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. Many filtering applications are characterized by continuous state dynamics X t = R t 0 m(X s )ds + oeW t + ae, discrete observations Y k = Y t k , and observation noise that is nonadditive or nonGaussian. In most such instances, neither exact finitedimensional filters nor known online/offline splitting methods apply. Thus, there is a pressing issue to determine how best to calculate the conditional density Pr fX t 2 dzj Y k ; 1 k lg : Ideally, one would like an answer which avoids solving partial differential equations online. In this note, we show that a combination of convolution, scaling, and substitutions efficiently solves this problem under certain conditions. The most noteable aspects about our method are that it is extremely easy to use and that it assumes nothing about the observations other than the ability to construct p Yk jX t k ; the conditional density of the k th observation given the current state. 1. Introduction Traditionally, nonlinear...
GENERALISED PARTICLE FILTERS WITH GAUSSIAN MEASURES
"... The stochastic filtering problem deals with the estimation of the posterior distribution of the current state of a signal process X = {Xt}t≥0 given the information supplied by an associate process Y = {Yt}t≥0. The scope and range of its applications includes the control of engineering systems, gl ..."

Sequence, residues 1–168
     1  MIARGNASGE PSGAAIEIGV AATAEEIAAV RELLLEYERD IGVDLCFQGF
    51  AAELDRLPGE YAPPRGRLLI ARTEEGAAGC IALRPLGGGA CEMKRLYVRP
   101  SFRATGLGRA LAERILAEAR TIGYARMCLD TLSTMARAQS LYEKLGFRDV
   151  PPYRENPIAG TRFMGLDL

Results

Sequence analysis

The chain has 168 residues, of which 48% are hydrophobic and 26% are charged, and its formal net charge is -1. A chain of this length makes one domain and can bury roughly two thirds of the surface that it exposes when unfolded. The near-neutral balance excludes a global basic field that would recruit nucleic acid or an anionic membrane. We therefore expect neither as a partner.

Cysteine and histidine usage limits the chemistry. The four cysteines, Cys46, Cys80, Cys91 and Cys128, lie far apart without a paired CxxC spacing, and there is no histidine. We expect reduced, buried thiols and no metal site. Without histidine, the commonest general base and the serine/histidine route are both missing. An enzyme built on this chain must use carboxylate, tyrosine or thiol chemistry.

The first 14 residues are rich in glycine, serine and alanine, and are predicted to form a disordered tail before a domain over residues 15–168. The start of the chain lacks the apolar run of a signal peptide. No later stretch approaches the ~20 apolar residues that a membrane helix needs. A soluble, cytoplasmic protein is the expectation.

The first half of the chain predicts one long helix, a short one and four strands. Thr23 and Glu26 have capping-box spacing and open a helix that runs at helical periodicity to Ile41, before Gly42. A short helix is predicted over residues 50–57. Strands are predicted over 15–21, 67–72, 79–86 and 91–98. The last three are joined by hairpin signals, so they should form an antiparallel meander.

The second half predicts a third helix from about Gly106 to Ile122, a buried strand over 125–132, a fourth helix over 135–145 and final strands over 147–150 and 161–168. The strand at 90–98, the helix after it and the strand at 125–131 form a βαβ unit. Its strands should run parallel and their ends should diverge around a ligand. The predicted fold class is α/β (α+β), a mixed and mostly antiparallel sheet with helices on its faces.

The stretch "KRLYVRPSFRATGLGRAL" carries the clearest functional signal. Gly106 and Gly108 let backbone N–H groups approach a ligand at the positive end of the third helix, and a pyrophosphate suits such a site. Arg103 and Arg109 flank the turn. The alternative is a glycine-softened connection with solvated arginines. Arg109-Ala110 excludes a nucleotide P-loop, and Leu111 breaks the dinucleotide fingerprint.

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The stochastic filtering problem deals with the estimation of the posterior distribution of the current state of a signal process X = {Xt}t≥0 given the information supplied by an associate process Y = {Yt}t≥0. The scope and range of its applications includes the control of engineering systems, global data assimilation in meteorology, volatility estimation in financial markets, computer vision and vehicle tracking. A massive scientific and computational effort is dedicated to the development of viable tools for approximating the solution of the filtering problem. Classical PDE methods can be successful, particularly if the state space has low dimensions. In higher dimensions, a class of numerical methods called particle filters have proved the most successful methods todate. These methods produce an approximations of the posterior distribution by using the empirical distribution of a cloud of particles that explore the signal’s state space. We discuss here a more general class of numerical methods which involve generalised particles, that is, particles that evolve through larger spaces. Such generalised particles include Gaussian measures, wavelets, and finite elements in addition to the classical particle methods. We will construct the approximating particle system under the Gaussian measure framework and prove the corresponding convergence result. 1. THE FILTERING FRAMEWORK Let (Ω,F,P) be a probability space on which we have defined a process X = {Xt}t≥0 called the signal and an associate process Y = {Yt}t≥0 called the observation. The process X is the solution of a ddimensional stochastic differential equation driven by a pdimensional Brownian motion V, that is: Xt = X0+ ∫ t